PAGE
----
The ongoing transformations of the planet’s terrestrial surface caused by natural and human activities are known as land use and land cover changes. Precise georeferencing and regular re-acquisition of geospatial data have made geographic information systems (GIS) and remote sensing the major techniques for detecting such transformations.
Change detection with multi-temporal satellite imagery is widely used to quantify, map, and trace patterns of how an area has transformed between several dates. Updated and accurate land use/cover data gives critical input to decision-making in agriculture, forestry, urban planning, environment, and hydrology to name a few.
Detecting Changes in the Use of Land
The value of GIS-enabled change detection lies in the ability to analyze spatially and temporally changing environments around the globe. It is a comparison of two data inputs collected on different dates and covering the same area. The data for analysis can be sourced from satellites and aircraft carrying sensors that capture Earth images.
Decades’ worth of open-access satellite data has turned satellite-based change detection in GIS into the most cost-effective method to date. Just like any, it has certain limitations. To obtain accurate results, the images must have the same data source (e.g., Sentinel-2) and processing level (Level-2A, the bottom-of-atmosphere reflectance corrected orthoimage).
Types of Transformations in GIS
The change detection analysis aims at tracking four types of feature transformations.
- Location. For instance, based on InSAR and RPAS scientists pinpoint and measure glacier movement.
- Shape. With geospatial data covering a decade, scientists analyze the evolution of coral reef habitats in terms of shape and extent.
- Size. Differences in large-scale features can be easily monitored from space. To this end, change detection algorithms prove useful in urban sprawl monitoring.
- Identity. When a store becomes a house, we are talking about changes in the feature identity (in this case, the type of land use went from commercial to residential).
The Value of GIS for Business
Geospatial data in form of various images and maps has made a shift from purely scientific applications to multiple business usages. Just like scientists are designing algorithms for near to real time change detection of land cover with MODIS satellite data, businesses are launching precisely targeted marketing campaigns based on GIS-enabled user segmentation.
Brick-and-mortar stores represent location-driven business, where the address of the point of sale is a key influencing factor in the purchase decision alongside the price. With the help of GIS and spatial analytics, retailers can make use of geographic data to spot brand preferences and identify spending patterns at various scales (from district level to country level).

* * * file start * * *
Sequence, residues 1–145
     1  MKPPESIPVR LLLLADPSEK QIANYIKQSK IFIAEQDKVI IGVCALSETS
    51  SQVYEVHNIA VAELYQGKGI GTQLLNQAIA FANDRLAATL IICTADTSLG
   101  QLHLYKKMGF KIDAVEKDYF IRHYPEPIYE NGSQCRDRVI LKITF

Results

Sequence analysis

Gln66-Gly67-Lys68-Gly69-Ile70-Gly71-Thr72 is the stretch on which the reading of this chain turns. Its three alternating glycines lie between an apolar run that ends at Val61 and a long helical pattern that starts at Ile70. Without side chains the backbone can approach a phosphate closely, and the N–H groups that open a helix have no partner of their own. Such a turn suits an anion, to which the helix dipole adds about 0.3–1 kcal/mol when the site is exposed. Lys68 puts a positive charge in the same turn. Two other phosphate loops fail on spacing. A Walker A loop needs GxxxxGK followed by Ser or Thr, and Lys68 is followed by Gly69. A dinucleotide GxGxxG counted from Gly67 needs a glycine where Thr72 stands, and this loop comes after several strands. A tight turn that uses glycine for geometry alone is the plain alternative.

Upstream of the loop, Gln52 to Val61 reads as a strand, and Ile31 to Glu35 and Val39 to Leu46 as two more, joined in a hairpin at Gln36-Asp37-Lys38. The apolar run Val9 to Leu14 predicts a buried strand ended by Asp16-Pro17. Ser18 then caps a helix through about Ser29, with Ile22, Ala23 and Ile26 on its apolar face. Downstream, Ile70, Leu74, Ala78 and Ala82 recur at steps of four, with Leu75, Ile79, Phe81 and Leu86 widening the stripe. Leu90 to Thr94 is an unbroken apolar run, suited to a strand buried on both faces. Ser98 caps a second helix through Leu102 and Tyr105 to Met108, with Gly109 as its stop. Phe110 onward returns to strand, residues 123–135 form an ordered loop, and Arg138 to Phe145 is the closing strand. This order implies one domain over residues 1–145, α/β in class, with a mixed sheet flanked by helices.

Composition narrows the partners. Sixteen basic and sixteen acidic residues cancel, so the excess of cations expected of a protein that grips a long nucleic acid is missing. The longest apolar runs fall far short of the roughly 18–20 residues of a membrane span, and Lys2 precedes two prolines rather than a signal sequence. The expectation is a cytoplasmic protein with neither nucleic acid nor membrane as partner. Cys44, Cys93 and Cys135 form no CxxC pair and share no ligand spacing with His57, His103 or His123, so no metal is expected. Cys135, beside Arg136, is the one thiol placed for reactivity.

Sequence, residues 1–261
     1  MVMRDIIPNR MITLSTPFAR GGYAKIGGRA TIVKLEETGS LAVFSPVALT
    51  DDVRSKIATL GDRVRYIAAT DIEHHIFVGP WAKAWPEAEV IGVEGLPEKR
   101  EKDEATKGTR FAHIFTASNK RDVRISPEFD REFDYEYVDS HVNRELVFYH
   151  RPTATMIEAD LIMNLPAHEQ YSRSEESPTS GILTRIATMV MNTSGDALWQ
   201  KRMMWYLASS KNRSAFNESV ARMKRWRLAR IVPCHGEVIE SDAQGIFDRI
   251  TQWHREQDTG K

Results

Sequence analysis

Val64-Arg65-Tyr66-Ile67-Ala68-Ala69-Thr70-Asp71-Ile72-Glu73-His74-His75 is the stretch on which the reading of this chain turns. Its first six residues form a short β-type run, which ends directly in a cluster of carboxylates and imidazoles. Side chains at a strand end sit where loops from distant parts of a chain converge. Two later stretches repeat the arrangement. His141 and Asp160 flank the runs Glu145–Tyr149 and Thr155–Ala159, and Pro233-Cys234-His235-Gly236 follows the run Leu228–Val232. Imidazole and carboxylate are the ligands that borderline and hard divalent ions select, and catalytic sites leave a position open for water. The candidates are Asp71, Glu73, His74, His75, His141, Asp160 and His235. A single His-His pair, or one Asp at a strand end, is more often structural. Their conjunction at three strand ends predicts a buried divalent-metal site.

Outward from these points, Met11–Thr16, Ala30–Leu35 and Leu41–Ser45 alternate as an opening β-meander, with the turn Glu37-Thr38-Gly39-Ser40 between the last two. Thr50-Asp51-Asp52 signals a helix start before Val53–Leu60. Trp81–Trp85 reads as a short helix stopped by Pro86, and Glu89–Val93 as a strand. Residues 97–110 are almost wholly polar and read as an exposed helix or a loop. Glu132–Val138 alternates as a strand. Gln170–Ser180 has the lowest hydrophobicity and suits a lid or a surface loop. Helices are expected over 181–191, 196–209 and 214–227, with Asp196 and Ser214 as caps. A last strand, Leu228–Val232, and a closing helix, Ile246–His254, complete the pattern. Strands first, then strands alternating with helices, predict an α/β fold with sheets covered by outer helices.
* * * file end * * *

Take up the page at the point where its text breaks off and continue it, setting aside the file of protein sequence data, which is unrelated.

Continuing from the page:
Customer Relationship Management
GIS data and analysis serve as an additional source of insights into what the customers want. Knowing their needs, preferences, and behaviors, businesses can make informed decisions regarding pricing, staffing, and supplies. Reliance on GIS has the potential for driving more sales and enhancing customer experience.
GIS technology has a proven track record of aiding delivery companies with logistics. The aggregation of data from mobile devices and GPS trackers enables GIS to provide real-time tracking of assets in motion. The multitude of geospatial and other business intelligence data helps to plan more efficient and safer delivery routes to save costs and reduce delivery times.
New product development
Companies are leveraging geospatial analysis whenever they think of rolling out a new product, feature, or promotion. Knowing their customers’ habits and wants, businesses can run location-specific campaigns for new products for greater impact or offer time-specific menus in areas with high foot traffic.
Change Detection for Agriculture
The ever-growing adoption of GIS and remote sensing within precise agriculture promises to play a key role in increasing global productivity.
Companies create value for farmers by blending GIS with agri-expertise and developing solutions catering to agricultural needs. One kind of image change detection software that can radically improve farmers’ work is EOSDA LandViewer.
This online tool can easily trace changes within a field by comparing a pair of satellite images from different days. The change detection algorithms perform imagery analysis based on a default index (NDVI, NDWI, etc.) or a custom one, which makes for diverse agricultural applications. Among them are tracking changes in vegetation, land cover, crop rotation, and field state, assessment of damage, and risk prediction.
Public and non-profit establishments can benefit from the existing GIS methods alongside businesses. It has become much easier due to the emergence of free tools and open-source data. Now, GIS market offers IT solutions that can be used by non-experts to let nearly everyone access the valuable insights held within geospatial data. One example of use is the monitoring of the disease spread by healthcare establishments.